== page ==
The hearing subsequently held was not to plaintiffs' satisfaction, and they brought this second action against the University.
Plaintiffs' prayers for relief ask:
That the Court issue a permanent injunction enjoining Defendants from refusing to honor that portion of the Regulations by which Plaintiff is entitled to tenure or continuous employment.
Cf. Machlup, In Defense of Tenure, in Academic Freedom & Tenure: A Handbook of the American Association of University Professors 306, 310 (L. Joughin ed. 1967) (hereinafter cited as Machlup):
No self-explanatory adjective * * * is available to abbreviate the phrase 'tenure until retirement or removal for adequate cause,' which is the meaning of academic tenure in the United States. The adjectives actually used are 'permanent,' 'continuous,' or 'indefinite.'
Perry v. Sindermann, 408 U.S. 593, 600, 92 S. Ct. 2694, 33 L. Ed. 2d 570 (1972). 'A person's interest in a benefit is a 'property' interest for due process purposes if there are such rules or mutually explicit understandings that support his claim of entitlement to the benefit and that he may invoke at a hearing' Id. at 601, 92 S. Ct. at 2699. 'Property interests, of course, are not created by the Constitution. Rather they are created and their dimensions are defined by existing rules or understandings that stem from an independent source such as state law-- rules or understandings that secure certain benefits and that support claims of entitlement to those benefits.' Board of Regents v. Roth, 408 U.S. 564, 577, 92 S. Ct. 2701, 2709, 33 L. Ed. 2d 548 (1972)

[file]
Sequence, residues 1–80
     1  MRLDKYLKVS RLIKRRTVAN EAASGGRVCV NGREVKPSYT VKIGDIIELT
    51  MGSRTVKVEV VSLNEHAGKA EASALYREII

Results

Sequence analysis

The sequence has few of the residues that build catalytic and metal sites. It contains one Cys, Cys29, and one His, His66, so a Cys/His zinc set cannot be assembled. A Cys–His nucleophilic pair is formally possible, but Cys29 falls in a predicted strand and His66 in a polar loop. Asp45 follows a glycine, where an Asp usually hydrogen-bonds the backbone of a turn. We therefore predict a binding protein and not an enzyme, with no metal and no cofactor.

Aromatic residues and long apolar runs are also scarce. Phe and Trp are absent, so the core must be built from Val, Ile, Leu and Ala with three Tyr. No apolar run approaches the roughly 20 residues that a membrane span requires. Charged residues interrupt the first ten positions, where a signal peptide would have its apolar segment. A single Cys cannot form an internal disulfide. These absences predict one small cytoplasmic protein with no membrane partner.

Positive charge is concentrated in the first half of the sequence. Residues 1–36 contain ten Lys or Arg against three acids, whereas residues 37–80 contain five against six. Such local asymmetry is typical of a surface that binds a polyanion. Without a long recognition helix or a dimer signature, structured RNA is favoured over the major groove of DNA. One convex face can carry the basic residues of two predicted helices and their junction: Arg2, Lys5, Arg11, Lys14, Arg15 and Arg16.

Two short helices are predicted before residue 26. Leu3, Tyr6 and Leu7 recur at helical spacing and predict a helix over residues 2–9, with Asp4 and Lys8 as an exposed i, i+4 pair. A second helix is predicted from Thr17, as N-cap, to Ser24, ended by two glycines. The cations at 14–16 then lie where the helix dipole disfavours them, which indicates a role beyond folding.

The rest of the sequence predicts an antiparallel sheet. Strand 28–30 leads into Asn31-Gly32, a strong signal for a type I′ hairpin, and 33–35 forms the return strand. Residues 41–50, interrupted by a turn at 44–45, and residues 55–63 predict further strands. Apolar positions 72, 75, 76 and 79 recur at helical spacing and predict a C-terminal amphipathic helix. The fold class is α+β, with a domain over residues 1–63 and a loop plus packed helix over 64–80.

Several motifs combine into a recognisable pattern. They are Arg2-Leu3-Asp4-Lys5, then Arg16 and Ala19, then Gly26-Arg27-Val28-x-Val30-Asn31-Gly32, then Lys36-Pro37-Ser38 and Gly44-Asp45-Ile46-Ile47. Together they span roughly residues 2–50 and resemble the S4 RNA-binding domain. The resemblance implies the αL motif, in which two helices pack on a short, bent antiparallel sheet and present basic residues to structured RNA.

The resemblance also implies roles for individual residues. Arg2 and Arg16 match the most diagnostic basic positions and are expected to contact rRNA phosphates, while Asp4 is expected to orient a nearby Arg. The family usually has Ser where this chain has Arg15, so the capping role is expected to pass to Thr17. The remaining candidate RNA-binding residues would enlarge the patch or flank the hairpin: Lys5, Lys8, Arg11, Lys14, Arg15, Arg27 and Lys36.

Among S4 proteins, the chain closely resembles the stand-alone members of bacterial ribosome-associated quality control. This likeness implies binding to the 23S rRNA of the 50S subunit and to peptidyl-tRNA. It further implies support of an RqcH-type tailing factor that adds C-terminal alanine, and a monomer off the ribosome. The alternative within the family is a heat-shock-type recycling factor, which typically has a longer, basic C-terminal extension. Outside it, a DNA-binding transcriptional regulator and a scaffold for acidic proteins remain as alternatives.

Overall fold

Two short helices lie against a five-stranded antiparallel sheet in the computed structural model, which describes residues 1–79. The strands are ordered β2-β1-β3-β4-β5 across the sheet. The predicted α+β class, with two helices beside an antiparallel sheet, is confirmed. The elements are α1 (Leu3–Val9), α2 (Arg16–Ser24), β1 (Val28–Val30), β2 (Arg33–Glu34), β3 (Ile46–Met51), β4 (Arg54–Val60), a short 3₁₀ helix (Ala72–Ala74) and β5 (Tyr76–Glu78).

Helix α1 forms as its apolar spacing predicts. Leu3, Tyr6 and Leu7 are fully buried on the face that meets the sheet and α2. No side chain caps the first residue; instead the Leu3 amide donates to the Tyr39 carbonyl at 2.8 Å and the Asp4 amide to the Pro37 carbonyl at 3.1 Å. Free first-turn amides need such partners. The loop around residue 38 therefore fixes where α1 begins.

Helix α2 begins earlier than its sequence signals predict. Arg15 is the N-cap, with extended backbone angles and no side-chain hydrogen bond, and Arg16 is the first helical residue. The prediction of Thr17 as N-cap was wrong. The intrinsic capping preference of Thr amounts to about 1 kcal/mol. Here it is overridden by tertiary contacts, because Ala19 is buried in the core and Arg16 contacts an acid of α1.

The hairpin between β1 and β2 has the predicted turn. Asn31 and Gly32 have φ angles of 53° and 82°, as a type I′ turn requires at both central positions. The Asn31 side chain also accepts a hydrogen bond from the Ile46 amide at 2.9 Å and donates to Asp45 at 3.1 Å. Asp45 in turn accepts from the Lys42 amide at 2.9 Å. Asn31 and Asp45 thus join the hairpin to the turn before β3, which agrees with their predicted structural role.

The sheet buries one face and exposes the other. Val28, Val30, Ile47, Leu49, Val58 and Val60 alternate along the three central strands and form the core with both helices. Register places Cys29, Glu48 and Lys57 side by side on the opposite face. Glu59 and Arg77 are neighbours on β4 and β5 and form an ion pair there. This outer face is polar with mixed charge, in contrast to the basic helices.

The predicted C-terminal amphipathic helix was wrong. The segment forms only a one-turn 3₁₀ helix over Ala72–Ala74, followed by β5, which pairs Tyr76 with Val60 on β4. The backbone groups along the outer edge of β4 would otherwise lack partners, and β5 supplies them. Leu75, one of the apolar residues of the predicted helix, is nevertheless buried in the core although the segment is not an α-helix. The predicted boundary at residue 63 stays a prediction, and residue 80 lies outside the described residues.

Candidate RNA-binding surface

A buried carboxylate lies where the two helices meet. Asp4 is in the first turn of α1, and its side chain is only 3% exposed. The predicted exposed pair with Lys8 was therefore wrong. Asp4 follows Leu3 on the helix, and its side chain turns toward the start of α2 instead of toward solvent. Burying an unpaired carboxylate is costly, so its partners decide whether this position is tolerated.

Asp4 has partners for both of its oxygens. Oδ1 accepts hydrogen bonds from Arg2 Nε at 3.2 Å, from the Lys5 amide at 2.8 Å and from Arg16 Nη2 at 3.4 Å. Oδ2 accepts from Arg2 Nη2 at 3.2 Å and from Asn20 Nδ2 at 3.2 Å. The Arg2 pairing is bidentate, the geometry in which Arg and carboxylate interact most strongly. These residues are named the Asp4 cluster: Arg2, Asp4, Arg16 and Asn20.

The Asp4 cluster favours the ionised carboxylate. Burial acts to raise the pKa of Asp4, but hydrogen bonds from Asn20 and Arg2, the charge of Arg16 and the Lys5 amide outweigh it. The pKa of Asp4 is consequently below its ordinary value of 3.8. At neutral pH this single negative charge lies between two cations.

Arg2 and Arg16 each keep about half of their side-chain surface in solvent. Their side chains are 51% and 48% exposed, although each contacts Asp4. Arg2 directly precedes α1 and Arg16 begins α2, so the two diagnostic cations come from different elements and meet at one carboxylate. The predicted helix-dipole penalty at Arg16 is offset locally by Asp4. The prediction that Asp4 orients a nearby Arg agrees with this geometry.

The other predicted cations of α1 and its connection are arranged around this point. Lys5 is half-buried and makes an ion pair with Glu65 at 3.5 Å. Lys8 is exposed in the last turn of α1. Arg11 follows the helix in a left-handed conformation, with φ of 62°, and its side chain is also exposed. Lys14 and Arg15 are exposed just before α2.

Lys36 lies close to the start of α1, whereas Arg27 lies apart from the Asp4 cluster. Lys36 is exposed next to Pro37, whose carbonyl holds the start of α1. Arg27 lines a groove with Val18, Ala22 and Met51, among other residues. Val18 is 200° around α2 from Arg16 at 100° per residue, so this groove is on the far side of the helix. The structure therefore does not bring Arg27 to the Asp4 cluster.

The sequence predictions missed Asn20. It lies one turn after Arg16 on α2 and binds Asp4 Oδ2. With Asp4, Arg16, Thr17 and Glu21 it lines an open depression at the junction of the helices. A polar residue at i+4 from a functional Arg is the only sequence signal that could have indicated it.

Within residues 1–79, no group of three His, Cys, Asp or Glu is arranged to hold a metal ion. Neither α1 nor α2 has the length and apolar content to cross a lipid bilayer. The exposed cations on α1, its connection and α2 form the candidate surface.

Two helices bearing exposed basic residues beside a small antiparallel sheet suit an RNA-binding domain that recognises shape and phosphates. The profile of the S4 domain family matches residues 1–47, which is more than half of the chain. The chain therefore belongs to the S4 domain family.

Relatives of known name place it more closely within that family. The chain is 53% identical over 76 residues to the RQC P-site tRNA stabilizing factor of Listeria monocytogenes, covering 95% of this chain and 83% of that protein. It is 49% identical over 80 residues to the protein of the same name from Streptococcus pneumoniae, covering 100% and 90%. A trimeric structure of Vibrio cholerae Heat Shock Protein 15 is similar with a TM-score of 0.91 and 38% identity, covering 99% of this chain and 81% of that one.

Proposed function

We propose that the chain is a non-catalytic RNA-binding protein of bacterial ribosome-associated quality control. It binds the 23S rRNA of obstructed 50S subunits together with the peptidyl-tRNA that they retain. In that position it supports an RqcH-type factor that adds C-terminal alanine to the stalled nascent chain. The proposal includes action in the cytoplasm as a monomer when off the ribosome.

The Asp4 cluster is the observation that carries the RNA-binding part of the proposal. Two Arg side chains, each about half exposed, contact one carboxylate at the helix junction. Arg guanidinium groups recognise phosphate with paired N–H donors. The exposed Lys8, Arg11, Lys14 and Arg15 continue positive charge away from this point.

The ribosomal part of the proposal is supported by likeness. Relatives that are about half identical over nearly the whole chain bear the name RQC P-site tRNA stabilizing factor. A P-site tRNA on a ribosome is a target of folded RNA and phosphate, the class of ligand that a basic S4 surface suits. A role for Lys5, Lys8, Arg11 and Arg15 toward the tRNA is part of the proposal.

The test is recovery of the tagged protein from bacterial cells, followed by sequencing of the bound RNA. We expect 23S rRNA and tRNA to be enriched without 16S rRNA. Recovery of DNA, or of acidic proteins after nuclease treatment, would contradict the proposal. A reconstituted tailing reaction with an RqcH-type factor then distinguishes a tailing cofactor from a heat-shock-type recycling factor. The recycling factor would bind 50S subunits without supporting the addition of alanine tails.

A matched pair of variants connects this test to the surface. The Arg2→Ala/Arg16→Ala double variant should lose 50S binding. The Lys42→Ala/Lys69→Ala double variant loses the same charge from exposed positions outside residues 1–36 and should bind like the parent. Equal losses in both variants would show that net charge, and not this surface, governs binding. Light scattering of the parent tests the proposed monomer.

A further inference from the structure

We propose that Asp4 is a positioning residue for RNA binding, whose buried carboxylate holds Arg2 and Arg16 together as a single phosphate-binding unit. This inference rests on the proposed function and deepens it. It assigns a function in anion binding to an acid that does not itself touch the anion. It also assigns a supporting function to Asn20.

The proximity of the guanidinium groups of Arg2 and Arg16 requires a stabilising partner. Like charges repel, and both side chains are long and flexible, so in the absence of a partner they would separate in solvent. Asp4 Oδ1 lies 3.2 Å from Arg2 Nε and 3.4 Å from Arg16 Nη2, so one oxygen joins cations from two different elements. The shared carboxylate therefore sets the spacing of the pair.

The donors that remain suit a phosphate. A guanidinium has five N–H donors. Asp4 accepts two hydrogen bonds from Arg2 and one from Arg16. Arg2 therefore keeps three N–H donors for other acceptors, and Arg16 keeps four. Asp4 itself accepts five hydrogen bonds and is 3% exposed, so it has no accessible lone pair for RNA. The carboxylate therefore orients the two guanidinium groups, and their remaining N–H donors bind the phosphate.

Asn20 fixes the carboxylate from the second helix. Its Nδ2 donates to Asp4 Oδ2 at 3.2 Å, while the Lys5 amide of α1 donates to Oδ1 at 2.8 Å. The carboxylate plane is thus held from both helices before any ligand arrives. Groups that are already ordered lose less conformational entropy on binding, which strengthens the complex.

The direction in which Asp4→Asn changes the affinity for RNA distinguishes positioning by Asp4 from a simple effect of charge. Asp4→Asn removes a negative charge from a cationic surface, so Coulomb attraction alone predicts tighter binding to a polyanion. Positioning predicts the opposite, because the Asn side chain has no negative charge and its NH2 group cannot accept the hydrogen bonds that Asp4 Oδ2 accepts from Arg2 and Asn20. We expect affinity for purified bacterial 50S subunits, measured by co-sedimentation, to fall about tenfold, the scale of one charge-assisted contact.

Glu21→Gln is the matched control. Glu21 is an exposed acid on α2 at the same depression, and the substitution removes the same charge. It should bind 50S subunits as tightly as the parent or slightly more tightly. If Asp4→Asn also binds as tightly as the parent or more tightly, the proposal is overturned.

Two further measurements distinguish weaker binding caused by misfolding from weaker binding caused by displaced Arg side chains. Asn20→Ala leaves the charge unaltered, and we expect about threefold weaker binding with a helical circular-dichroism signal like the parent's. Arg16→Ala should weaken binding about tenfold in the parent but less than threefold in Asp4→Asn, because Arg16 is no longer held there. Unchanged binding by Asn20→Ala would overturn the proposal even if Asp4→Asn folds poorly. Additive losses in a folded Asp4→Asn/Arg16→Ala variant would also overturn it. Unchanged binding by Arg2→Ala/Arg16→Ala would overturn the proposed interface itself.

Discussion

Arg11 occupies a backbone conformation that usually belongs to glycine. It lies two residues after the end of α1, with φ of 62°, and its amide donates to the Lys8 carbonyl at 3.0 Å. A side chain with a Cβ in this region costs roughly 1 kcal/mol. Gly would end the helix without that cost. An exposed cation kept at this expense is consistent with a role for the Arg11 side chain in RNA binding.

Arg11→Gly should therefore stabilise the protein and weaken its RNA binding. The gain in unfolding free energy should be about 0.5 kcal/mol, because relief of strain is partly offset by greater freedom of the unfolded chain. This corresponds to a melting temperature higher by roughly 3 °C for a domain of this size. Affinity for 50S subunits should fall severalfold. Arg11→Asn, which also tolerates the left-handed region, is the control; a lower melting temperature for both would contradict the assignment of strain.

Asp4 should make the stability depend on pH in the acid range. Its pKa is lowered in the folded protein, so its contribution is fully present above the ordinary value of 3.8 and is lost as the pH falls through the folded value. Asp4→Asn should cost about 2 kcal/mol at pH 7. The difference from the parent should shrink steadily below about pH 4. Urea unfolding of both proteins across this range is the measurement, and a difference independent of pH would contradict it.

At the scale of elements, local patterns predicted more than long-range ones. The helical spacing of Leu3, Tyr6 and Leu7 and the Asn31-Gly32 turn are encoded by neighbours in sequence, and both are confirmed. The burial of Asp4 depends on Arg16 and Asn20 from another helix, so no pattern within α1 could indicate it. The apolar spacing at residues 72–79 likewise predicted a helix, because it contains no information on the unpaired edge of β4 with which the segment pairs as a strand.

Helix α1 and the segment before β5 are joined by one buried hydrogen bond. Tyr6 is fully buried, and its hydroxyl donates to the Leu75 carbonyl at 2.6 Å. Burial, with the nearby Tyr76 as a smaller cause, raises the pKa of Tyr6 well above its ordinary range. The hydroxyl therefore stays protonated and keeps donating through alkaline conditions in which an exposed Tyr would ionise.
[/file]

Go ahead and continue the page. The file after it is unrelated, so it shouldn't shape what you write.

Regulations, Section 2 provides:
Types of Appointments.